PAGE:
BLACKSBURG, Va. – Election Day is less than two weeks away, and candidates are doing everything they can to win votes. That includes airing political ads, some of which can have a negative tone.
"We will tend to see more ads the closer one gets to the campaign," said Dr. Karen Hult, professor and chair of Virginia Tech's political science department. "We've seen some of them all the way through the primary and general election season."
Hult said candidates often start with more positive ads, trying to introduce themselves and their views. She said they sometimes transition to attack or negative ads after that.
"I think some of the answer is that a lot of campaign consultants believe negative ads work," Hult said.
Hult said voters pay attention to negative ads and people often remember the information in them, however they usually have limited impact on the election.
"By and large we don't really see that it has that much effect in general," Hult said. "It has some targeted effects, but not very much to speak of."
Hult said campaigns are now in their final push to earn votes, and are willing to spend money to do it.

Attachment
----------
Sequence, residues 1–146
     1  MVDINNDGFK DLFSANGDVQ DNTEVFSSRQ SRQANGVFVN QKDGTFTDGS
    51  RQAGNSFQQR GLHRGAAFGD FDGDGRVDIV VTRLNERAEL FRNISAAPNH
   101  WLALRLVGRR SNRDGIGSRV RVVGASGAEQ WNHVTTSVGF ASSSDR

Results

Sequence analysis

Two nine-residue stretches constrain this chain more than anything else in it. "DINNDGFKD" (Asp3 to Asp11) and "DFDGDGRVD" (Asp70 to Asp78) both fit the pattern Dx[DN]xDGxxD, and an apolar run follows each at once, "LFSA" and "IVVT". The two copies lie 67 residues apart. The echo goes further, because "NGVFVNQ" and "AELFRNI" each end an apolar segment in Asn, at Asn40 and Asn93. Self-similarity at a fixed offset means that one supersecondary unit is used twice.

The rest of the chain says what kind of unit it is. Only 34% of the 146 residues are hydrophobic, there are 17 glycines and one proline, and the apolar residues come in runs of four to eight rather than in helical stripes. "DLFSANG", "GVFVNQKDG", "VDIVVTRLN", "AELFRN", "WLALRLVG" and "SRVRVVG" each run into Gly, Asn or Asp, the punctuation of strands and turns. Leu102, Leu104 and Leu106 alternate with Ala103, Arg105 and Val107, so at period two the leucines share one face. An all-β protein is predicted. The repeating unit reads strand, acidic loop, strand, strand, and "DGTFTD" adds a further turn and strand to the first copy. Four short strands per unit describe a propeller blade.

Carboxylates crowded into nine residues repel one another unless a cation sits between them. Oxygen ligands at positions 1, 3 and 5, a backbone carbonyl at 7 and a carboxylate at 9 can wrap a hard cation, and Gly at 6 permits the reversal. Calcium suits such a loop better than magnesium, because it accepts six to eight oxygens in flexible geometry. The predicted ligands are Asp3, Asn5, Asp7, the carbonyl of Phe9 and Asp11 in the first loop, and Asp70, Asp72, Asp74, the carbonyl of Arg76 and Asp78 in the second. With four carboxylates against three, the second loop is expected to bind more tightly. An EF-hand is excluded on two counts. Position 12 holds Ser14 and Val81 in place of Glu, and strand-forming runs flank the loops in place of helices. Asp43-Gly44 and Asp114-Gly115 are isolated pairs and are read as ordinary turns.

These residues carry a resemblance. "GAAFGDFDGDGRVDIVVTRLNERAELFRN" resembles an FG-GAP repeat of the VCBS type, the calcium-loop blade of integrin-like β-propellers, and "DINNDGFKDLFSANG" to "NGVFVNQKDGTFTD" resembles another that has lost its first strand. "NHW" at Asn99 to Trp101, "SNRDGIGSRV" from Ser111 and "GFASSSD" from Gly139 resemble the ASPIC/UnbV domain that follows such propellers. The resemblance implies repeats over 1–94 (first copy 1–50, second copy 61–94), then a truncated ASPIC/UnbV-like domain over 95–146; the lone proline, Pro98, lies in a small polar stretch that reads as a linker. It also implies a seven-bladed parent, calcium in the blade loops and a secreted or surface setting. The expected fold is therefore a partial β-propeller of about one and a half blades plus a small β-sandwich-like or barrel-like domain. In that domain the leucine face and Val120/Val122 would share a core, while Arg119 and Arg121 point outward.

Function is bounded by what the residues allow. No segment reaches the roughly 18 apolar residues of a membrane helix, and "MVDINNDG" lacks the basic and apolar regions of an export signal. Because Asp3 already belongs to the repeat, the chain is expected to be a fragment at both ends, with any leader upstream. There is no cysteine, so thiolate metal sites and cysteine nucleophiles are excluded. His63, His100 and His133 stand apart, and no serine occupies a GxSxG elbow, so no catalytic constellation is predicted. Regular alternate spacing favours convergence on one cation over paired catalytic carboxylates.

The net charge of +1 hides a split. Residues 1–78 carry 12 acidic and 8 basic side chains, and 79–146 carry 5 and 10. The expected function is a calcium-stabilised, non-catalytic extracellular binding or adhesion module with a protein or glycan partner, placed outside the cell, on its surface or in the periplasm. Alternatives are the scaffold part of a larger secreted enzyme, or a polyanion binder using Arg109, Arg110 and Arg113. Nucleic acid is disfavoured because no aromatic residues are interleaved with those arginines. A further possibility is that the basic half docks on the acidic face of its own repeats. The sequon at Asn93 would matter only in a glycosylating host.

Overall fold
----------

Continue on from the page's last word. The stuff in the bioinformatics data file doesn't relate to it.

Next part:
"We know quite a lot of money is flowing into all of the campaigns," Hult said. "Mr. (Corey) Stewart, who is running for the U.S. Senate seat, had said that he's finally going to start running more campaign ads because he's been trailing Sen. (Tim) Kaine of course, in terms of money and campaign ads."
Hult said this year's midterm elections have drawn increased attention across the country, which could translate into more voters on Election Day.
"It's interesting, in this part of Virginia exactly, it's not clear to me how much more of a spike in turnout we're going to see," Hult said. "In other parts of the state, and other parts of the country, at least on early voting totals, we're seeing a lot higher turnout than we've seen in the past."